At a glance.
- US Cyber Command optimistic about military networks' defense against Holiday Bear.
- HACT Act would let Americans sue foreign cyber threat actors.
- ITU's current thoughts on cybersecurity.
- New appointments in US Administration include some Big Tech skeptics.
Cyber Command says DoD networks are (probably) clear of Holiday Bear.
But that's not for lack of Holiday Bear's trying.
US Cyber Command Executive Director Dave Frederick yesterday announced that, “To date, there’s no evidence of a compromise in [Defense Department] networks because of the SolarWinds attack,” The Record reports. “The layers of defense we had in place prevented the adversary from advancing from the toehold they had,” Frederick added. CyberCom is currently assembling “options” for the Biden Administration’s response to the gate crasher.
HACT Act would let Americans sue foreign hackers.
SecurityWeek says the newly reintroduced Homeland and Cyber Threat (HACT) Act would enable US citizens to sue foreign states and officials for damages when injured by foreign cyberattacks. Sanctioned behaviors include malware attacks, providing “material support” to hackers, “unauthorized access to…electronic information,” and “unauthorized use” of pilfered data.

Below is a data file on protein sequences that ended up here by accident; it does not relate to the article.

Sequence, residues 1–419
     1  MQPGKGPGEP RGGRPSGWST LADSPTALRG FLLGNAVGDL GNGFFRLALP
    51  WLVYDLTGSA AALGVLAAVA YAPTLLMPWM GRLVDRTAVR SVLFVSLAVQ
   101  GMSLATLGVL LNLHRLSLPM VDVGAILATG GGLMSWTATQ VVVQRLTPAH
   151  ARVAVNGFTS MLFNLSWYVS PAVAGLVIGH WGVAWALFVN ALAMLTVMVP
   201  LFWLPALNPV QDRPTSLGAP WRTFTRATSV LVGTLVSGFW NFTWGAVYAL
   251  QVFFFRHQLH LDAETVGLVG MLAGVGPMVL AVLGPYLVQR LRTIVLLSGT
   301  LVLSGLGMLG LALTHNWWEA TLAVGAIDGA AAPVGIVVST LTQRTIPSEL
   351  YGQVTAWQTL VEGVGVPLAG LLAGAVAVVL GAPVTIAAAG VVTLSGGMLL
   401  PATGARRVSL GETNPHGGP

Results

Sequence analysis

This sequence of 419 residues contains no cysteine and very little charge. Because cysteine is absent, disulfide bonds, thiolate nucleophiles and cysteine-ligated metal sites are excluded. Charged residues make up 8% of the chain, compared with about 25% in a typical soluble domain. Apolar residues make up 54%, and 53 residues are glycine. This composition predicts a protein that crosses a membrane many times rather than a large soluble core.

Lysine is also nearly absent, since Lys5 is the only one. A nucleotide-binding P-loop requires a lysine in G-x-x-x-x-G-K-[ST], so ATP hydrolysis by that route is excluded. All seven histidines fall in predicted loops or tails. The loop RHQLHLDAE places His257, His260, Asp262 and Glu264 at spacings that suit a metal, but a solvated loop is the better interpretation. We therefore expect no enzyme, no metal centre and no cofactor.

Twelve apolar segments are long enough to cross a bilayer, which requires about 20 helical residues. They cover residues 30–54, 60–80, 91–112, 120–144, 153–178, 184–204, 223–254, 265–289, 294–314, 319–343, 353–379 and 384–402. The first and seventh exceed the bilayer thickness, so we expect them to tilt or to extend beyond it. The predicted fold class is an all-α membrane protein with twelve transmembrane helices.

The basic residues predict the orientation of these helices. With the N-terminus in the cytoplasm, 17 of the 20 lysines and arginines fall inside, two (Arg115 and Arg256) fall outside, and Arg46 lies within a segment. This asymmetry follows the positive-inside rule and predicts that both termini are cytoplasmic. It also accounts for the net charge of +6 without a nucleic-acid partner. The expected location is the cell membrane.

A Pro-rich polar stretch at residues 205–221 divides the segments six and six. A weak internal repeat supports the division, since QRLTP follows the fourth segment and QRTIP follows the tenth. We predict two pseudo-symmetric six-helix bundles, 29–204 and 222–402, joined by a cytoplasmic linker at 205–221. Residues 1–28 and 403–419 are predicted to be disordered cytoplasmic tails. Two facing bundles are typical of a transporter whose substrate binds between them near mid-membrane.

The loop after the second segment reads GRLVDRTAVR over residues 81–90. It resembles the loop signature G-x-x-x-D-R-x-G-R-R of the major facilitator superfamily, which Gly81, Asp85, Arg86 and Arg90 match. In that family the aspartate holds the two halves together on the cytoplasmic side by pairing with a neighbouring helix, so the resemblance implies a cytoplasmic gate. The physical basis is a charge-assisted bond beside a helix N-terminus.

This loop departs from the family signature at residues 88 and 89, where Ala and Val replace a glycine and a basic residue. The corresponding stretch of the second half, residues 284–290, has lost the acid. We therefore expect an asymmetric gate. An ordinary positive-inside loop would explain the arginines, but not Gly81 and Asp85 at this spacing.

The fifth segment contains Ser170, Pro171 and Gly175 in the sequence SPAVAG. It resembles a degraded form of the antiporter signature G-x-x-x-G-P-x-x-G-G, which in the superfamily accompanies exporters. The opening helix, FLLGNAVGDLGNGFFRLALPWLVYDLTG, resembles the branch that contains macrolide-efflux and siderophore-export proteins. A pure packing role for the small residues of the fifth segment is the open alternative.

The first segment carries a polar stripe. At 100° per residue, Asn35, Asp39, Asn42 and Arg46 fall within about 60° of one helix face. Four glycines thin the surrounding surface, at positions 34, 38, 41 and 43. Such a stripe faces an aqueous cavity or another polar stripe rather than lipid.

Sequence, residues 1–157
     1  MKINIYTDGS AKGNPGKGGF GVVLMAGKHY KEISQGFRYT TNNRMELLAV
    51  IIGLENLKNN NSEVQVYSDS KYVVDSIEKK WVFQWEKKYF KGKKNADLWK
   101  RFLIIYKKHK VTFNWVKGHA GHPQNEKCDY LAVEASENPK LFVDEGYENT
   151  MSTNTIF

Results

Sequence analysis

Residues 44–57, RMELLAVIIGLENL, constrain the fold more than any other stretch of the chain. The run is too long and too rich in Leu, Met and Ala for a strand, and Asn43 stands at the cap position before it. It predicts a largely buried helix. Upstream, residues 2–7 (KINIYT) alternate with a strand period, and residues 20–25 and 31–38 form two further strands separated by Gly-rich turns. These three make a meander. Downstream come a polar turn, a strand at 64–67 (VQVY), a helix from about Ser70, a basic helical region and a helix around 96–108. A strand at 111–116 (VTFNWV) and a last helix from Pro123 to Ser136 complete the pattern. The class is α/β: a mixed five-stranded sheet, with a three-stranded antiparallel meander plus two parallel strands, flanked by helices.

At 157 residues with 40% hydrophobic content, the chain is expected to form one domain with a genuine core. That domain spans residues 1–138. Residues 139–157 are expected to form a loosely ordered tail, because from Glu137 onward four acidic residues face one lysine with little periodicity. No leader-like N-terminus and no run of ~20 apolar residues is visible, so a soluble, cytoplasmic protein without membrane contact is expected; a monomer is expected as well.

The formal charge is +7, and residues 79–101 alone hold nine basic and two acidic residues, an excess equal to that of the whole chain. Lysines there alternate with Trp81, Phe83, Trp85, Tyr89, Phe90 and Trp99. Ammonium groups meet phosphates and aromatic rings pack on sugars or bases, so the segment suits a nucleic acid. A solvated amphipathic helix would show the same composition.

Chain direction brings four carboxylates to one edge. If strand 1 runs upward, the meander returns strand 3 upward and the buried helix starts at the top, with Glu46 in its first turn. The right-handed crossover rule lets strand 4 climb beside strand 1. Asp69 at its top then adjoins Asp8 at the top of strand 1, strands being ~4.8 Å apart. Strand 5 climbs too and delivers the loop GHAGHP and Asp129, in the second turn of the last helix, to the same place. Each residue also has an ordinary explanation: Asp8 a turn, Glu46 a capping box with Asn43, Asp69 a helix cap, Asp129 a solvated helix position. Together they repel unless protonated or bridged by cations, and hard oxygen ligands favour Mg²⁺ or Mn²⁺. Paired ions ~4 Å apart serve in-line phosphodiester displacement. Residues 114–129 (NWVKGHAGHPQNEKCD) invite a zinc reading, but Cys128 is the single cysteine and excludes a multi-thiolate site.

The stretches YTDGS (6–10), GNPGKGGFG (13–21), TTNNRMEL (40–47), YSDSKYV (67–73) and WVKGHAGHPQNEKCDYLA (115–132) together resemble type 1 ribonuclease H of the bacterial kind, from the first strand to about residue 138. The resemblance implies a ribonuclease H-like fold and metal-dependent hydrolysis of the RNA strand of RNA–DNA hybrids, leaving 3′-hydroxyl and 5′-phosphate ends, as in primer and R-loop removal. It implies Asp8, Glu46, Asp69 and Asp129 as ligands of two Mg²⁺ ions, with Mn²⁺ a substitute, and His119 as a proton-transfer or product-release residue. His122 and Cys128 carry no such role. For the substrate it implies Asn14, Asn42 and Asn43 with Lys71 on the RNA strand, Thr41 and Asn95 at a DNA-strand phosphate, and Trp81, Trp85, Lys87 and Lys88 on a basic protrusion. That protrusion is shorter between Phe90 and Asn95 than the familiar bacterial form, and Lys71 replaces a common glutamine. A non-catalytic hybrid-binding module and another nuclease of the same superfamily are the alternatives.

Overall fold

International Telecommunications Union discusses cybersecurity.
The United Nation’s International Telecommunication Union (ITU) is consulting with state and industry leaders about evolving implementation of the Global Cybersecurity Agenda (GCA), according to Mirage News. The GCA was formulated in 2007 around “legal measures, technical and procedural measures, organizational structures, capacity building, and international cooperation.”
One priority of the ITU is building member states’ cyber capacities. To this end, the ITU maintains the Global Cybersecurity Index, and has run approximately 30 international cyber drills. The Union has also issued more than two-hundred security standards, and is examining emerging technologies like anti-spam machine learning and quantum key distribution.
Federal appointments to include another Big Tech skeptic?
Gadgets360 claims President Biden’s expected nomination of Columbia University law professor Lina Khan to the Federal Trade Commission signifies “an aggressive antitrust stance.” Khan previously contributed to a House report urging Big Tech breakups and published an article on Amazon’s market dominance.
The Administration has also selected US Digital Service, Office of Personnel Management, and private sector veteran Clare Martorana as Chief Information Officer, according to Federal News Network. Fast Company says her responsibilities will include “bolstering the federal government’s cybersecurity, modernizing IT systems, and making government websites more accessible for all citizens.”